I would be lying if I said that I could count on more than one hand the number of times I have been asked by prospective parents about the accreditation of the four different international schools I have worked at – and I have conducted thousands of interviews in my fifteen-year international school admissions career. So what’s the big deal about accreditation, other than the accreditation body’s logo on your school’s website and the fact that accreditors might interview you once every five years about your school’s admissions policy and process or numbers?

What is international school accreditation?

Accreditation is a process that externally validates that a school meets high standards of institutional quality through an ongoing, independent, objective process of peer review. Depending on the agency, accreditation cycles generally last from five to ten years. It is not an inspection but rather a developmental growth process starting with the school’s guiding statements and its self-study. The overall question asked by the accreditation agency to the school being accredited is: are you delivering what you promise? It is not, however, prescriptive: you do not tell the school what it should be doing.

Accreditation teams are made up of a variety of educators each assigned with the task of looking for evidence to see if the school is doing what it says it is doing in the light of some of the accreditation body’s own criteria. See the box for the domains examined by the Council of International Schools. Team members are generally assigned one or two specialist domains or areas that they are responsible for and a couple more that they back up on.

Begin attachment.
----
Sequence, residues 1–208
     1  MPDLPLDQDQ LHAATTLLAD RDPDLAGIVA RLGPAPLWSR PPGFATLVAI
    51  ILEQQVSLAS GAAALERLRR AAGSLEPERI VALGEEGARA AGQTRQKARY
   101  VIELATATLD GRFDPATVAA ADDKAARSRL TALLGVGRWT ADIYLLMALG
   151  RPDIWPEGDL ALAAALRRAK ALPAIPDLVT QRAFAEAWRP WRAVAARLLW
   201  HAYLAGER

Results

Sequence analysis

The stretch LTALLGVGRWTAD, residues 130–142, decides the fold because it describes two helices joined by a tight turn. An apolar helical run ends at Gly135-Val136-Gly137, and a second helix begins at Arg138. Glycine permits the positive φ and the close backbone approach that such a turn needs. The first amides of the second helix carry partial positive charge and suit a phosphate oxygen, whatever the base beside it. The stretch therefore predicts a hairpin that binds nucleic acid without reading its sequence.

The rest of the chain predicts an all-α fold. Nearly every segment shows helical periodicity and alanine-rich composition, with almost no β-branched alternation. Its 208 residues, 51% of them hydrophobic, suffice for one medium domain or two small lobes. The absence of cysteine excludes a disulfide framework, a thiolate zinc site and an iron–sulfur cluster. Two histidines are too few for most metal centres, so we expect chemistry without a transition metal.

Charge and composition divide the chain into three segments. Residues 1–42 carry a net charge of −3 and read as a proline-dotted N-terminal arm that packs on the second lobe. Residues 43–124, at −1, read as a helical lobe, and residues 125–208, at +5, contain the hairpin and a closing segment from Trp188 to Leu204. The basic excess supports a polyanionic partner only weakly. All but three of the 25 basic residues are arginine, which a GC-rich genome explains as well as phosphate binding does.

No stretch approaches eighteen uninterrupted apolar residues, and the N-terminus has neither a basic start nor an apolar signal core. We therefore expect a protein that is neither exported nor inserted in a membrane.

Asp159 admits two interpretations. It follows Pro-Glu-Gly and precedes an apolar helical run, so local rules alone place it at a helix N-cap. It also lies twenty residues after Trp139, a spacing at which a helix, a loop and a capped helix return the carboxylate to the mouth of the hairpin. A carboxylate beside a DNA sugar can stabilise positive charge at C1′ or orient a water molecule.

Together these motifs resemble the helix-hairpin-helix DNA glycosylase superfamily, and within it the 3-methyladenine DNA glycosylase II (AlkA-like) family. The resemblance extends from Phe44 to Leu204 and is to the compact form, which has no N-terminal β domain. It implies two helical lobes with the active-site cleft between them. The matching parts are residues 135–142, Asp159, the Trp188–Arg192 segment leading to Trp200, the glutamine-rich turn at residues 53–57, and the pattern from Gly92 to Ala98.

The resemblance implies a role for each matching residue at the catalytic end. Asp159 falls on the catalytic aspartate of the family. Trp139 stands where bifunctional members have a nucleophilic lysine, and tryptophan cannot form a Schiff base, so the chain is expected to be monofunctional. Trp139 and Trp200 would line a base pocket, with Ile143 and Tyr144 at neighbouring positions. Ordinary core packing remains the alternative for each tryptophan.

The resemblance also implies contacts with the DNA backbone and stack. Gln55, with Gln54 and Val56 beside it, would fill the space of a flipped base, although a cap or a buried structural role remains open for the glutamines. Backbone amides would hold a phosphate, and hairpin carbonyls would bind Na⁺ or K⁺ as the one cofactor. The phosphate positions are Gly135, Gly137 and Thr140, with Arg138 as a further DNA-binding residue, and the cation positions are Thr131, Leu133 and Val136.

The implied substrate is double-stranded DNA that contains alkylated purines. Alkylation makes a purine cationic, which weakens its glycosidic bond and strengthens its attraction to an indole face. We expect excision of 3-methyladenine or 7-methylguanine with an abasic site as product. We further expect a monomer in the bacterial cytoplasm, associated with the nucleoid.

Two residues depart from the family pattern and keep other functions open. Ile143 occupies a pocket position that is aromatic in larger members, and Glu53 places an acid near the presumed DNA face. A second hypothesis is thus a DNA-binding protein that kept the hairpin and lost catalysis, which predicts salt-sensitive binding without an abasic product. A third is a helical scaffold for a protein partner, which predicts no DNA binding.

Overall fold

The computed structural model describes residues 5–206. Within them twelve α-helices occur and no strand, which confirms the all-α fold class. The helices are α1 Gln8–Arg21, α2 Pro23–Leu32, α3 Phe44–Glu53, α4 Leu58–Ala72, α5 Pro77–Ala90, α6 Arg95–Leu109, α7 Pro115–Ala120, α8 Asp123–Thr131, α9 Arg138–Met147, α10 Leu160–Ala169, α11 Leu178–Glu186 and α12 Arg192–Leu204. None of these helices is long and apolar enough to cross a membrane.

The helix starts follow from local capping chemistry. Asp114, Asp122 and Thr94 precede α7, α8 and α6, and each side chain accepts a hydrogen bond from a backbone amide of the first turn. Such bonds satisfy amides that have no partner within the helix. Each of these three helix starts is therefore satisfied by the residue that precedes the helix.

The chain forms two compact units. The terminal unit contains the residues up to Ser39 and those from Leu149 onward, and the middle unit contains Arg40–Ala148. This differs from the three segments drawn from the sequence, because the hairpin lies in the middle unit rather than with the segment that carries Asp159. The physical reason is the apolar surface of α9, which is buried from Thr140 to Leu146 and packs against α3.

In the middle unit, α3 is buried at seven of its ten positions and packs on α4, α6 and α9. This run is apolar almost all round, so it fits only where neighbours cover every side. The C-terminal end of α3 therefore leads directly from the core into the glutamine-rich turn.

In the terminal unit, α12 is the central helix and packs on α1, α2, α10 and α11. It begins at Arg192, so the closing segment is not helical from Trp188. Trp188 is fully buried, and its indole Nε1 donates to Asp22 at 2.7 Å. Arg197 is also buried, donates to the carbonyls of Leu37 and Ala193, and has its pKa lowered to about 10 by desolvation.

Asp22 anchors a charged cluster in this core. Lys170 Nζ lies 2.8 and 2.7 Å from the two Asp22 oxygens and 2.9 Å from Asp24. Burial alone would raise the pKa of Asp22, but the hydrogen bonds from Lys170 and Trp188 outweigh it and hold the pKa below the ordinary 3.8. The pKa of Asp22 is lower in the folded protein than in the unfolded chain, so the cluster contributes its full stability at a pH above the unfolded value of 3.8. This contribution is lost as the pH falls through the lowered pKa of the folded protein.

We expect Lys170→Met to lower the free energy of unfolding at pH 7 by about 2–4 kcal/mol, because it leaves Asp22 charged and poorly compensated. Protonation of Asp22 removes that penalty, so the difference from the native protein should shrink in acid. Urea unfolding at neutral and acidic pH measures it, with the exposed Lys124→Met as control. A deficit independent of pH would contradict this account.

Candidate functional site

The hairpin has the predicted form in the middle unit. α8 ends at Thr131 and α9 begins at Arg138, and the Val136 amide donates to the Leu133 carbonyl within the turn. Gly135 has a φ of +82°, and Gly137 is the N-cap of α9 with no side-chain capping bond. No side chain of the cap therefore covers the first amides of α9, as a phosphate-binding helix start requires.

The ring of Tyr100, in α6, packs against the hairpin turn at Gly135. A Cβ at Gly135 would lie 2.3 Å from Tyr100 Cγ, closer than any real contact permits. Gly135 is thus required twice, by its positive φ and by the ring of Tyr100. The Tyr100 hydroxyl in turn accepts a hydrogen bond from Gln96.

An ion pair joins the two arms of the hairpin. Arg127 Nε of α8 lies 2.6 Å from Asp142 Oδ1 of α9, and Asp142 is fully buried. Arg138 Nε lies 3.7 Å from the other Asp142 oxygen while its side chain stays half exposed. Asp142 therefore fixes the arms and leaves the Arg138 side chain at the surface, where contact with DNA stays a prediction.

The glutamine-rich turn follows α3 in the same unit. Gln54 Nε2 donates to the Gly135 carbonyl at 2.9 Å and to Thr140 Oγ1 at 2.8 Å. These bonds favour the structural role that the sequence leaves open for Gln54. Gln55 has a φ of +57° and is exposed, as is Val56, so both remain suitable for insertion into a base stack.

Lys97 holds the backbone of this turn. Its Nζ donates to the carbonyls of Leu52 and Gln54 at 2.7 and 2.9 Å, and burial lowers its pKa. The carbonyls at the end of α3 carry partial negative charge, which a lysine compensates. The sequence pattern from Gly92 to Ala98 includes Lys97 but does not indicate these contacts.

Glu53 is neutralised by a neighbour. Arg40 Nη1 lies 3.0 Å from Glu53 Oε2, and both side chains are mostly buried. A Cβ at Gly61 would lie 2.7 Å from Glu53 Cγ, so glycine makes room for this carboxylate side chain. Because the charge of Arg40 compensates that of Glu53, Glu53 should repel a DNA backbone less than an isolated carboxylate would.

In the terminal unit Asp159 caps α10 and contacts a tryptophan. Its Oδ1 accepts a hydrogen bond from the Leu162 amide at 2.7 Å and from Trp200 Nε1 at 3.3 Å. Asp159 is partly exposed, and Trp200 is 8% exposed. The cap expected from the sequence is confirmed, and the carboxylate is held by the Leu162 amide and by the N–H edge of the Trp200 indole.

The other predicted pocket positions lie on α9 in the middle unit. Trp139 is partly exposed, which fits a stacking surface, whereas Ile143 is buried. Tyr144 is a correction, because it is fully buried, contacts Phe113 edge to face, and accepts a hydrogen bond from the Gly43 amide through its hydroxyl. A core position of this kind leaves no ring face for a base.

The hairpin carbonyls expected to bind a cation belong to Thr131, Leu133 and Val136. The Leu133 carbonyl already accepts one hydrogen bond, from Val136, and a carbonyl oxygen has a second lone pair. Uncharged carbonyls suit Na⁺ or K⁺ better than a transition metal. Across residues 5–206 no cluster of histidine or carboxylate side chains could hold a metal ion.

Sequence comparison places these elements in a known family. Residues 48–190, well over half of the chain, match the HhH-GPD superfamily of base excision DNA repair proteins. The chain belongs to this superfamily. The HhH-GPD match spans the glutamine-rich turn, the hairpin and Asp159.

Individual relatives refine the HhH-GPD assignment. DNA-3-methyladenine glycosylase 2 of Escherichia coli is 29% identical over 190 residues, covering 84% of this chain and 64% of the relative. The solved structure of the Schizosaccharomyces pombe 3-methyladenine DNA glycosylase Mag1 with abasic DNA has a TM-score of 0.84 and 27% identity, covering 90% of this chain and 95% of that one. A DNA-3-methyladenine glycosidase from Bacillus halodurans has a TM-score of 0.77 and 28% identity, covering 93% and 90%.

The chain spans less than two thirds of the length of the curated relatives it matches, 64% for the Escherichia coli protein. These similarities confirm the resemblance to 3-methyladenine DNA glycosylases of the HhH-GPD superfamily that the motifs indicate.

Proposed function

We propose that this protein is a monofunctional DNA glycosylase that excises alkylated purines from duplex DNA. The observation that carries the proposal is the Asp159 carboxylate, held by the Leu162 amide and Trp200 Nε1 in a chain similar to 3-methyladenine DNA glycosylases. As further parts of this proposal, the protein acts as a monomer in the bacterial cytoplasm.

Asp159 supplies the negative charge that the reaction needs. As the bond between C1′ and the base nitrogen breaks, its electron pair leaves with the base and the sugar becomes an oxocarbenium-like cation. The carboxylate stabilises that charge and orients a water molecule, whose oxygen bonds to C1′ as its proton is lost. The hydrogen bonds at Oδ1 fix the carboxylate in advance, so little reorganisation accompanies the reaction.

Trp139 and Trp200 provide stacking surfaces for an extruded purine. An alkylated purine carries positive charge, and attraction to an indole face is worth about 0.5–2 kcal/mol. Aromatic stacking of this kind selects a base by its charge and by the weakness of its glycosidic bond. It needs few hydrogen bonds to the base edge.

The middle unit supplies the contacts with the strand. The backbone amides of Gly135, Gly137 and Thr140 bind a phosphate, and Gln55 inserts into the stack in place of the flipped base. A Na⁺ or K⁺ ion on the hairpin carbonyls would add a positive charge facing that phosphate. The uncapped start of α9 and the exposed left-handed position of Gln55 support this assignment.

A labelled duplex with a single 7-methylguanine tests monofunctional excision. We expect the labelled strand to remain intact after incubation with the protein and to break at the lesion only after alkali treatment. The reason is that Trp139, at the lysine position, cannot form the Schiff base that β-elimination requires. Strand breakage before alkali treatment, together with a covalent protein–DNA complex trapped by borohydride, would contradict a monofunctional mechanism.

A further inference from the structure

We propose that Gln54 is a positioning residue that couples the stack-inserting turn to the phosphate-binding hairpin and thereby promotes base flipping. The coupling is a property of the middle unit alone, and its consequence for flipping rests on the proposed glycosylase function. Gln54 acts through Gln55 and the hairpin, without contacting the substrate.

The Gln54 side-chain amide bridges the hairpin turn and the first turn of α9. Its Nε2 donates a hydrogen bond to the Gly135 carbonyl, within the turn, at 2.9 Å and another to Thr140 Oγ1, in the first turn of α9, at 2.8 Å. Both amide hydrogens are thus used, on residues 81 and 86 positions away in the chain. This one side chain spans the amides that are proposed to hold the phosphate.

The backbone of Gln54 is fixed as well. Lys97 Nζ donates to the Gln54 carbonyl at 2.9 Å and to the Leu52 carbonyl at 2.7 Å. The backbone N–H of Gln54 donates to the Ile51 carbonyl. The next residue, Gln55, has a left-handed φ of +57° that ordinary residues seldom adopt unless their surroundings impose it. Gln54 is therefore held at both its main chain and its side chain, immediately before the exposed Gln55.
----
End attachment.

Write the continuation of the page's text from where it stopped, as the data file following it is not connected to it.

I have been on accreditation team visits to schools in Turkey, Egypt, Colombia, and the UAE, some on-site, others virtual. Most recently, I had the honor of being a co-chair on a visit.


A word that every accreditor is familiar with is triangulation. When examining whether or not a school meets criteria, you have to triangulate your evidence. First, you do your homework and read a ton of documentation pertaining to your domain before you visit the school. As a minimum, you would read the school’s own accreditation self study sections that pertain to you, as well as their website. You might also read home/school communications, internal policy documents, examples of student work or report cards, to name just a few.